Senate Republicans shoot down bill raising taxes on millionaires
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Senate Republicans shot down legislation Saturday that would allow upper-income tax breaks to expire at the end of 2010, arguing that not even millionaires' taxes should rise at a time when US economic recovery is fragile.
AP - Senate Republicans blocked legislation Saturday to let upper-income tax cuts expire on Jan. 1, a showdown scripted by Democrats eager to showcase Republican lawmakers as defenders of millionaires and gain an edge for the 2012 elections.
Republicans dismissed the Democrats’ maneuvers as the last gasp of a party that lost its majority in the House of Representatives in the November elections, surrendered several seats in the Senate and will be forced to share power beginning in January.
The Senate debate took place a day after the Labor Department reported that the unemployment rate had nudged closer to double digits again - 9.8 percent, after three straight months at 9.6 percent - a reminder that the economy is still recovering only fitfully.
Republicans argued that no one’s taxes should be raised at a time the economy is still recovering from the deepest recession since the Great Depression of the 1930s.
“It is the most astounding theory I have ever seen, raise taxes to create jobs,” Sen. John Thune of South Dakota said.
Democrats countered by saying that extending the tax breaks for upper-income Americans would only make it more difficult to reduce the growing federal budget deficit.
“Do we want to extend those tax breaks for millionaires and billionaires at a time of huge deficits? I would argue vociferously we shouldn't,” Sen. Chuck Schumer of New York said.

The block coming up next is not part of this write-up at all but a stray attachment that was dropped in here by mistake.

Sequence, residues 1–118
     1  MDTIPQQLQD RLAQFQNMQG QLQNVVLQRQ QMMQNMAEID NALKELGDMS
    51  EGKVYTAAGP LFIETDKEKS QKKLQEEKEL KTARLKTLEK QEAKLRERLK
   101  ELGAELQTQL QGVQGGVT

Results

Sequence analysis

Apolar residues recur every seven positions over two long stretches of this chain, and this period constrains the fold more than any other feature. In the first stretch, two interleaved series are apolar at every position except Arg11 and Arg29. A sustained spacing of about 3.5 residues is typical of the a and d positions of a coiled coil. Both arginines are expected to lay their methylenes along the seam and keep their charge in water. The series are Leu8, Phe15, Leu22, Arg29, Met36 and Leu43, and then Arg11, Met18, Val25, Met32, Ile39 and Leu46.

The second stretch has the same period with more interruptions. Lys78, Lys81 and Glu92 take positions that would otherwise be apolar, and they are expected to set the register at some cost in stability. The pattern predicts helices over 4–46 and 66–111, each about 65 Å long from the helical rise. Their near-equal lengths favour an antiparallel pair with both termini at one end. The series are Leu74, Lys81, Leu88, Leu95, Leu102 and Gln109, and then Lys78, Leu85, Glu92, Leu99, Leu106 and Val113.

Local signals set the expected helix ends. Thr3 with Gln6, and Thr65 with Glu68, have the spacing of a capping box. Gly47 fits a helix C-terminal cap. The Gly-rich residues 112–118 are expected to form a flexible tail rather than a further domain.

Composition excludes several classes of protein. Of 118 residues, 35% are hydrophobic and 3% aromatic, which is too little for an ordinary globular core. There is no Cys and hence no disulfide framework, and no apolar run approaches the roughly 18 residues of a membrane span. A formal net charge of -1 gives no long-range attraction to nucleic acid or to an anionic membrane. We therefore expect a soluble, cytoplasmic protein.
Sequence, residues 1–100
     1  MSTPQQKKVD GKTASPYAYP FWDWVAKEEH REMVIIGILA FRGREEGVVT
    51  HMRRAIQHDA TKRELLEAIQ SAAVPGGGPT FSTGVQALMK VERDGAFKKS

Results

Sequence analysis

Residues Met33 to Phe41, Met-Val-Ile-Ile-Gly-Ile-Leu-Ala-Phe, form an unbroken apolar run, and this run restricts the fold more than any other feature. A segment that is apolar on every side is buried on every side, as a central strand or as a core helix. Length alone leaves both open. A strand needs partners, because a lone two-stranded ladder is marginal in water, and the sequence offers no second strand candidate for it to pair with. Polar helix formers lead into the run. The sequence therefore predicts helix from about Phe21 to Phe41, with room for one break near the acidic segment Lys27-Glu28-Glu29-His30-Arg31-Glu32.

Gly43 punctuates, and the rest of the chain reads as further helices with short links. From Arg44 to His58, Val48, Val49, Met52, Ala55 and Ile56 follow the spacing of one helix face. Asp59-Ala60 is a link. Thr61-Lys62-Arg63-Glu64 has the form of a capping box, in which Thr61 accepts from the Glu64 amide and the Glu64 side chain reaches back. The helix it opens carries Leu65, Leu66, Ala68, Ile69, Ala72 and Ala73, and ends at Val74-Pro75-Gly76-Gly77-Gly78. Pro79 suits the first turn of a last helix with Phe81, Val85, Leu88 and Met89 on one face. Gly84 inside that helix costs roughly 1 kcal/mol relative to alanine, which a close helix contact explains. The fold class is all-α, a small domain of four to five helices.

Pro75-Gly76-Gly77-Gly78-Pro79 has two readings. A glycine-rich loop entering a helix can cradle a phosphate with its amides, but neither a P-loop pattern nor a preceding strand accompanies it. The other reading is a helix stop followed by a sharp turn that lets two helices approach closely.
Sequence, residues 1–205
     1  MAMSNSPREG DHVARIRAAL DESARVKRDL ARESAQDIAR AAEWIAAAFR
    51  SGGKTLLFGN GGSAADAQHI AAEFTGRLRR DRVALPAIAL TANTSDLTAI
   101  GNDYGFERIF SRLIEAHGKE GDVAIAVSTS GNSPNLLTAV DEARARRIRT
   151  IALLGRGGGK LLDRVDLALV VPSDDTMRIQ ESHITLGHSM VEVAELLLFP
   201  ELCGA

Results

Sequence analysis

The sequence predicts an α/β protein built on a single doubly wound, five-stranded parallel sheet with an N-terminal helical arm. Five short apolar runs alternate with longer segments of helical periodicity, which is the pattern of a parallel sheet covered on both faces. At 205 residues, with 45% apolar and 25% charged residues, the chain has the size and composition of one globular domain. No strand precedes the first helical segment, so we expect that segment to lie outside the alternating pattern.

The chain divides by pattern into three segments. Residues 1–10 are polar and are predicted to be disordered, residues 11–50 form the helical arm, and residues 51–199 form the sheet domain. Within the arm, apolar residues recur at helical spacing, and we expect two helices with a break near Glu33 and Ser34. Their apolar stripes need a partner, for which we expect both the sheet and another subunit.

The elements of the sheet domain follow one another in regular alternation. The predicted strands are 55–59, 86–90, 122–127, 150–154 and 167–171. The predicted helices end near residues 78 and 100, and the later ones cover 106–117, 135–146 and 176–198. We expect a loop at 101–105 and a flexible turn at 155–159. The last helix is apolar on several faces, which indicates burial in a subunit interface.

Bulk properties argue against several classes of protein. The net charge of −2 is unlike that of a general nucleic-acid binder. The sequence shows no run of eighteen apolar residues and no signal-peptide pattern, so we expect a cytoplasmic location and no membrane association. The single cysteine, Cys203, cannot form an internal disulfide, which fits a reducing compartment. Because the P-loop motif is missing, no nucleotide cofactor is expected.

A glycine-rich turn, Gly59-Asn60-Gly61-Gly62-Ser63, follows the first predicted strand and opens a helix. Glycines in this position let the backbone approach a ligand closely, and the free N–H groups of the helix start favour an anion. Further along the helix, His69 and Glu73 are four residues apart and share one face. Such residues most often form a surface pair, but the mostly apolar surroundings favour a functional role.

Ironically, the votes were widely seen as a prelude to a possible agreement next week between the White House and congressional leaders on legislation that would avert tax increases at all income levels, as Republicans want.
Any agreement is also expected to extend jobless benefits for the long-term unemployed, a Democratic priority, and possibly renew tax breaks the White House wants for college students, companies that hire the unemployed and lower- and middle-class wage earners.
The Senate took the two votes on Democratic-proposed bills that would have permitted tax cuts to remain in effect at most incomes.
A proposal to let tax rates rise on Jan. 1 on incomes over $200,000 for individuals and $250,000 for couples fell on a vote of 53-36, seven short of the 60 votes needed under Senate rules to overcome Republican delaying maneuvers and advance.
An alternative put forth by Schumer and others - but opposed by the White House - would have let rates rise on incomes over $1 million. The vote was 53-37, also seven short of the 60 needed.
Schumer supplied the political context. “I’m going to be here for the next year, next two years, to remind my colleagues that they were willing to increase the deficit $300 billion to give tax breaks to people who have income over a million dollars,” he said in a reference to the 2012 elections.
If Republicans were worried about the political impact of the day’s events, they did not show it. Several noted that President Barack Obama had urged congressional leaders of both parties in a recent meeting to work together to prevent taxes from going up for the middle class.
In the weekly White House radio and Internet address, Vice President Joe Biden, skipped lightly over Obama’s willingness to negotiate with the Republicans on the Bush-era tax breaks.
“We’ve got to extend the tax cuts for the middle class that are set to expire at the end of the month,” he said. “If we don’t, millions of middle-class families will see a big bite out of their paychecks starting January 1. And that’s the last thing we should let happen.”
“And the second thing we’ve got to do is extend unemployment insurance for Americans who have lost their jobs in a tough economy,” Biden said.
Delivering the Republican address, Sen. Mark Kirk of Illinois, who was sworn into office to fill Obama’s former Senate seat this week, said voters in the November elections demonstrated their distaste for any tax increases.
“The current leaders of Congress should not move forward with plans that were just rejected by the American people,” he said. “These leaders should not raise taxes and risk another recession. Instead, Congress should reduce spending and prevent another tax hike on American taxpayers.”